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AT&T (T -0.16%) is about to enter into one of its most important deals yet with its proposed purchase of Time Warner (TWX) for $85.4 billion. The deal will make AT&T a major content owner and could allow the company to pair that newly acquired content treasure trove with its strong wireless business. And that should make rival wireless carrier T-Mobile (TMUS -0.13%) just a little bit worried. 

You may already know that T-Mobile currently offers its customers the ability to stream video content from 100 services (like YouTube, ESPN, Netflix, Amazon, etc.) without that streaming going against the customer's monthly data allowance. In return, customers agree to view the content at a reduced quality (usually DVD-quality) and can switch the service on or off anytime they want. 

AT&T recently offered up its own version of zero-rating (when users stream content without using up data allowances) by allowing its customers who are also DIRECTV subscribers to stream content without data usage. But AT&T's streaming offering will become even more of a problem for T-Mobile once the Time Warner deal (likely) goes through. 

Adding Time Warner's content into the mix could potentially allow AT&T customers to stream content from the following providers without data usage being counted against their account: 

  • CNN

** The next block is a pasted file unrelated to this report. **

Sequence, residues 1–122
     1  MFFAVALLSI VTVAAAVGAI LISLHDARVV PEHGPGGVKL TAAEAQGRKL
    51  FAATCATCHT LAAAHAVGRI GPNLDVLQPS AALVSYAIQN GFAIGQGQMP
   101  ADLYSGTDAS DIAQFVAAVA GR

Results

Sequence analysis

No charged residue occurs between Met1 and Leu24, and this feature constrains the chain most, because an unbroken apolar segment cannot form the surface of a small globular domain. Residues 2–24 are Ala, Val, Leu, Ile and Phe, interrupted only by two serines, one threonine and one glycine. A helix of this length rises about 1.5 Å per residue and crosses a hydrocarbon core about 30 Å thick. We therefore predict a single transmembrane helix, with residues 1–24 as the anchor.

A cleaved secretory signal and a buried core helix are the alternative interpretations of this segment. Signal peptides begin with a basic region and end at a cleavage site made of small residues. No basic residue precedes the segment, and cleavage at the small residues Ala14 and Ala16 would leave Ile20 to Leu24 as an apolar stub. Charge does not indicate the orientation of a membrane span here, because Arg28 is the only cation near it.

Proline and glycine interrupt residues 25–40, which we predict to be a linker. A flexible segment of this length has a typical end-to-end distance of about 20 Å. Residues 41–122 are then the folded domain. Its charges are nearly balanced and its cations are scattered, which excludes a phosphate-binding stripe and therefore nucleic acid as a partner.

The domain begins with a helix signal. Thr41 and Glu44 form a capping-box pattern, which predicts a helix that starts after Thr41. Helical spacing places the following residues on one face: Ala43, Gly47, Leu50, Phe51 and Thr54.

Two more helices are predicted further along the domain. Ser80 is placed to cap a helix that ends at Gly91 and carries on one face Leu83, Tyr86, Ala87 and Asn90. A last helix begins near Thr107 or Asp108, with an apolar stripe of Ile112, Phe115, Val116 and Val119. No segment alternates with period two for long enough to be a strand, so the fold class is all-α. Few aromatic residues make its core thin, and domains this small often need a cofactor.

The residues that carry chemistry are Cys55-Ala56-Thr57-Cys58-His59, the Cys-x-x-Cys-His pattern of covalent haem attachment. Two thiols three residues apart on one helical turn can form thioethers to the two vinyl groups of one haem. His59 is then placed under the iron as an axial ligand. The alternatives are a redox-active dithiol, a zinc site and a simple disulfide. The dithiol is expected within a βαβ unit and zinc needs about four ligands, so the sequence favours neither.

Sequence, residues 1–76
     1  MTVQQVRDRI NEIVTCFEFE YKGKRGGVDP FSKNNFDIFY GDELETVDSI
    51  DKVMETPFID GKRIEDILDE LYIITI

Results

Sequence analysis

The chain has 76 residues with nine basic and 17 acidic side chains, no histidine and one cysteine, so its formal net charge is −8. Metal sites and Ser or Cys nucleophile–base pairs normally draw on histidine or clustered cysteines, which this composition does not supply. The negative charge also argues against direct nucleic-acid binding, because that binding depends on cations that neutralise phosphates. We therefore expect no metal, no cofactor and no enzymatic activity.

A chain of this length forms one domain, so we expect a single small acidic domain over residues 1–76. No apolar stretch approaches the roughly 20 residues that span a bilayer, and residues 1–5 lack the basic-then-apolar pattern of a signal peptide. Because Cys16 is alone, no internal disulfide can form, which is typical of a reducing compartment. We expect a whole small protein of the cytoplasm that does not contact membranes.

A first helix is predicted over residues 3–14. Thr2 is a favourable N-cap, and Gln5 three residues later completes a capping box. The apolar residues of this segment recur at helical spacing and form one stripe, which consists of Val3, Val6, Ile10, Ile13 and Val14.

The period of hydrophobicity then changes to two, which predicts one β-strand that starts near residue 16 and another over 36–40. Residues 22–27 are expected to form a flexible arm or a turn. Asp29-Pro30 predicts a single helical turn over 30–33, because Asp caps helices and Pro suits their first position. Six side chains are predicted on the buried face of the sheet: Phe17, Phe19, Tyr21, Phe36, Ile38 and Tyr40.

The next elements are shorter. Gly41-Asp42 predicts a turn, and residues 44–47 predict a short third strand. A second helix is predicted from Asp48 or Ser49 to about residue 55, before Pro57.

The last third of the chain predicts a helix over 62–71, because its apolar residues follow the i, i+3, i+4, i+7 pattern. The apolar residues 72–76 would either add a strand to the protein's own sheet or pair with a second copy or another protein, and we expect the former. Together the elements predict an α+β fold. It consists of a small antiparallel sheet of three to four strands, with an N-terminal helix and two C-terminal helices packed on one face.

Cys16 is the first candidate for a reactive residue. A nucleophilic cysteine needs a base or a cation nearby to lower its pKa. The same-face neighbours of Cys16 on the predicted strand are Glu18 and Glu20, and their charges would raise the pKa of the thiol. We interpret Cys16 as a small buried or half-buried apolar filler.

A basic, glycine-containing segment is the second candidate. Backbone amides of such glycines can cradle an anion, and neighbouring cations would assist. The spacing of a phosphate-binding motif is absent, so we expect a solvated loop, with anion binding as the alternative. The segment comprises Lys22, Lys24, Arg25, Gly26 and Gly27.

• TBS
  • TNT
  • Cartoon Network
  • Warner Bros. films
  • DC Comics
  • Turner Broadcasting's rights for NBA and MLB games
  • HBO

Now, AT&T hasn't yet confirmed this, because the deal hasn't closed yet (and that's still some time away). And it's worth noting that T-Mobile offers some content from the above list through Binge On as well. But the real problem for T-Mobile here is that AT&T is about to launch its own over-the-top (OTT) streaming TV service -- which will now likely include lots of Time Warner content -- and will outpace anything T-Mobile can offer through Binge On. 

AT&T's DIRECTV Now will launch next month, will be competitively priced against rivals like Sling TV, and will include 100 live channels (something T-Mobile can hardly compete with).

AT&T 1, T-Mobile 0

T-Mobile CEO John Legere played down AT&T's competition with Binge On during the company's Q3 earnings call recently, saying, "The great news is that they are going to be further defocused than they are now, and the upside opportunity to continue to acquire businesses in the space for us is tremendous."

Legere seems to be spinning this news a bit in saying that AT&T will be more unfocused than ever before, and I'm not so sure he's selling it well. AT&T will be soon be in a very strong content provider position both with DIRECTV Now and its Time Warner content. 

Meanwhile, T-Mobile owns none of the content streaming across its Binge On service, and instead relies on content makers to add their content to it. Which, of course, they could stop doing anytime they wanted to. 

That gives AT&T a massive advantage over T-Mobile, and an incentive for wireless customers to strongly consider AT&T's network. The carrier is reportedly looking to grab 20 million subscribers for its DIRECTV Now service, which could essentially help lock in those users to AT&T's network and services.

T-Mobile is certainly growing quickly (it just added 2 million net customer additions in Q3), but it doesn't own the content its users are watching. T-Mobile is starting to look like it could get sidelined in the content business and be relegated to a simple deliverer of content, instead of an owner. Much of the telecom world knows that being a pipeline for content isn't enough these days -- and that's exactly what T-Mobile looks like at the moment.